Did you know that the USA exports almost 3 million barrels of refined fuels — gasoline and diesel — every day? Most Americans are unaware of this.
U.S. refineries exported a record amount of refined fuels in 2011 to markets in South America, Central America and Europe. It was one reason why Americans spent a record amount on gasoline this year: Supplies that might have helped lower prices here had been shipped abroad.
In 2007, U.S. exports of all kinds of fuel held steady throughout the year at 1.24 million to 1.25 million barrels a day, according to Energy Department statistics.
But by 2011, exports of diesel, gasoline and other products had surged. In November and December, U.S. fuel exports averaged between 2.77 million barrels a day and 2.89 million barrels a day, the highest ever.
This should not come as a surprise.
The trend was predicted as early as a year ago, when two analysts with the Energy Department’s Energy Information Administration delivered a presentation to the 2011 Argus Americas Crude Summit in Houston.
Joanne Shore, lead operations research analyst at the Energy Information Administration, and colleague John Hackworth said that U.S. refineries had found thriving and lucrative markets overseas for their products, even as they were shutting down domestic facilities because of low demand.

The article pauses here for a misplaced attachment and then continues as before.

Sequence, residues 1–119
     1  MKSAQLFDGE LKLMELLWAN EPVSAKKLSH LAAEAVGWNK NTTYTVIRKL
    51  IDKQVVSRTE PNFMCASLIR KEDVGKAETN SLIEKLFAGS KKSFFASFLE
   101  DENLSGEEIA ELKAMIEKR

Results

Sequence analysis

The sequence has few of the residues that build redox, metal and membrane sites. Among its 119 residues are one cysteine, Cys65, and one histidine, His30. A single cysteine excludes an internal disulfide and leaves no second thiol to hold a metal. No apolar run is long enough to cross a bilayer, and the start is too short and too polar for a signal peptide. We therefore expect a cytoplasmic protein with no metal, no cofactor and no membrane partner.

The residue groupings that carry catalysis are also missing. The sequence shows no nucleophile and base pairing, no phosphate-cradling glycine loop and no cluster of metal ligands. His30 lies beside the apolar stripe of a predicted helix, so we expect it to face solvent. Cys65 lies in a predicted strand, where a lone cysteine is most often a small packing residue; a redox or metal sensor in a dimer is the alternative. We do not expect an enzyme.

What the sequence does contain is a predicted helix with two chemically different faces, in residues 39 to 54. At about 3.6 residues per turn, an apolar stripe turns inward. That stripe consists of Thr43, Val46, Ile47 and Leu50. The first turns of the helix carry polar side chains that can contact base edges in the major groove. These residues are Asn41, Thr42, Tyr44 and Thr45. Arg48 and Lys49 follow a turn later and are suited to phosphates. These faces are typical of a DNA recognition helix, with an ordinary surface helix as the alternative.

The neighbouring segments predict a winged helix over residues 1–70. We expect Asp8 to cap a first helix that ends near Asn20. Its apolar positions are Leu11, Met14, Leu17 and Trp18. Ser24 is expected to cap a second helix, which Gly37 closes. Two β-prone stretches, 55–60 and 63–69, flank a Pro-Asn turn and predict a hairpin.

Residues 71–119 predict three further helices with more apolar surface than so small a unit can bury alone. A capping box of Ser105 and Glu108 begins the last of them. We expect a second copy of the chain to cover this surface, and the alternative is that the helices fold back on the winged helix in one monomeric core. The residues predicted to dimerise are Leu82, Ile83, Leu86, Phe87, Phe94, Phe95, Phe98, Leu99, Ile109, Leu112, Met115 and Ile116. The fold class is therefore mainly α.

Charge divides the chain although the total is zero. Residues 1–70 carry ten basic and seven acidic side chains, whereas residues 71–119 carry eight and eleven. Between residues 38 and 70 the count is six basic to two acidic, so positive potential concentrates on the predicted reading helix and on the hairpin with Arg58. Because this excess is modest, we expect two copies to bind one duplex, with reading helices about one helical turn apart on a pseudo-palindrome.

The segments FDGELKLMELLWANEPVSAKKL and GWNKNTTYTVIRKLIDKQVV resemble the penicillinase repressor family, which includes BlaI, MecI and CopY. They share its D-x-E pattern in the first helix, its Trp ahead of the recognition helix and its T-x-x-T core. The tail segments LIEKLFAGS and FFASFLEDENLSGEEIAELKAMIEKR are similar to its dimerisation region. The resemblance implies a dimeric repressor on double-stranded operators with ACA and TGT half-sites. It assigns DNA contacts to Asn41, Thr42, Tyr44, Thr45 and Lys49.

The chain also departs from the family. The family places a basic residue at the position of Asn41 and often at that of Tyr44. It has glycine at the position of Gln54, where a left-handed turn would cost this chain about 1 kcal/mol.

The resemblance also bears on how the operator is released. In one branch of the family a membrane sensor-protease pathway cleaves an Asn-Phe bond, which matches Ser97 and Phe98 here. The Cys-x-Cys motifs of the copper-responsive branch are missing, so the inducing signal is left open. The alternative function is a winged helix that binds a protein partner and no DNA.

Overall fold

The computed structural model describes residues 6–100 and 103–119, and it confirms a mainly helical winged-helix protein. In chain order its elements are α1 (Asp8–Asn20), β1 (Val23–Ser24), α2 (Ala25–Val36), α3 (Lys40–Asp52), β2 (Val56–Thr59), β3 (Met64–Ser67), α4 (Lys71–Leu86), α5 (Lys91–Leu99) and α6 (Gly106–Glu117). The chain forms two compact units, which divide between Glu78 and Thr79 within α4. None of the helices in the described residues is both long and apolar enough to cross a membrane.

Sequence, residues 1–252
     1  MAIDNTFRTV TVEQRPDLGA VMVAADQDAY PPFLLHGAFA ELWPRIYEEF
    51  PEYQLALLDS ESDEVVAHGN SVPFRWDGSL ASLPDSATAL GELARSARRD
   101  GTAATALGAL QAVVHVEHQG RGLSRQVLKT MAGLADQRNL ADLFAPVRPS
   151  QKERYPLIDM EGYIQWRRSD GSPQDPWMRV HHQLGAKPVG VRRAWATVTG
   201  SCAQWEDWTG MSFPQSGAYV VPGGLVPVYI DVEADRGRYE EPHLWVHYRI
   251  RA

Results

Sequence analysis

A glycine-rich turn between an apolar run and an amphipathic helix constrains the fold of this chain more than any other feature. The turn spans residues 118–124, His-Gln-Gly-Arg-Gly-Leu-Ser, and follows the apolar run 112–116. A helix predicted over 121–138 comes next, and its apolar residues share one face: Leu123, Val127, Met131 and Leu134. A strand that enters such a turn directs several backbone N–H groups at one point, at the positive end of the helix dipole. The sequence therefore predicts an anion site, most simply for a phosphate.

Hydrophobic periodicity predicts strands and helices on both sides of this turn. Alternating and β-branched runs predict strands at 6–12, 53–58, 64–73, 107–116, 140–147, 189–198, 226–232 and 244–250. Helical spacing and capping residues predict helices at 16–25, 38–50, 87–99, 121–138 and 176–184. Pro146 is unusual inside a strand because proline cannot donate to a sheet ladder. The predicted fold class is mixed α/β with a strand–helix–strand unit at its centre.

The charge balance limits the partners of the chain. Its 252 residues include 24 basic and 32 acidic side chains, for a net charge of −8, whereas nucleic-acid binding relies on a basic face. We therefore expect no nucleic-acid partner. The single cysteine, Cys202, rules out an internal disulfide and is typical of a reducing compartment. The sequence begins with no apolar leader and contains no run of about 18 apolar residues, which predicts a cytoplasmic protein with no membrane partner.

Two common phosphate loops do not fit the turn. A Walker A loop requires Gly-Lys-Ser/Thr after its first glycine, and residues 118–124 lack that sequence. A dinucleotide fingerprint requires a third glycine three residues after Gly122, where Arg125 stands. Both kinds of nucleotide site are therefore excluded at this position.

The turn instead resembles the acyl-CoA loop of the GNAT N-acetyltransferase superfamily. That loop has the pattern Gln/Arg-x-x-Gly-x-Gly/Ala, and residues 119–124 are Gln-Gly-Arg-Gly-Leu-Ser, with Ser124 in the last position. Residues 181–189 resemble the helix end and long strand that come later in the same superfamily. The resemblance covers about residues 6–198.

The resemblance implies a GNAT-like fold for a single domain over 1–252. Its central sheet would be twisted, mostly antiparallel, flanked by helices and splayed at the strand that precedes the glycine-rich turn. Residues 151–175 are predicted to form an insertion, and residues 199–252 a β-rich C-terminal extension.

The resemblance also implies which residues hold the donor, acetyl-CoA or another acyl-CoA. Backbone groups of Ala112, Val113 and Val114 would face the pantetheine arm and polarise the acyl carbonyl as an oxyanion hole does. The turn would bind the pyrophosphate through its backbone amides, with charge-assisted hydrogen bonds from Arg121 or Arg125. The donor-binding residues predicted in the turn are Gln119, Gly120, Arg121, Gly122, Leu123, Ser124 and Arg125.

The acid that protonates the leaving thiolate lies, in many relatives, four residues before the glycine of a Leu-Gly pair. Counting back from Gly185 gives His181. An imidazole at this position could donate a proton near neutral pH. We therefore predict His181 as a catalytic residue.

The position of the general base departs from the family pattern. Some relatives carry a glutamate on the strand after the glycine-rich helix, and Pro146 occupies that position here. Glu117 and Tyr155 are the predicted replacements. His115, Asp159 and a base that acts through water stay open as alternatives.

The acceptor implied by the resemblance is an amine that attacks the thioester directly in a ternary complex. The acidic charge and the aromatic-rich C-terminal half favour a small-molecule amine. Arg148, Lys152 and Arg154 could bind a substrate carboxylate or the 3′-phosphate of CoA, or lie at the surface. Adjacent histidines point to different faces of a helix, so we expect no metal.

Let’s not kid ourselves. Americans are in competition with foreigners who are willing and able to bid more for our domestically produced goods. That’s what exporting means. Goods are sold to foreigners and get shipped abroad.
The economy is a giant auction. This rule governs auctions: “high bid wins.” As bidders, we win some and lose some.
We do not like to think of ourselves as losers. But, in the area of refined fuels, there are foreigners who outbid us for almost 3 million barrels a day in 2011. Trade means outbidding others.
All talk of energy independence is silly. We import oil and export gasoline. This is an international auction. Consumers on both sides of every border benefit: national borders, state borders, county borders, and Main Street borders. Whenever goods cross borders, high-bidding customers win.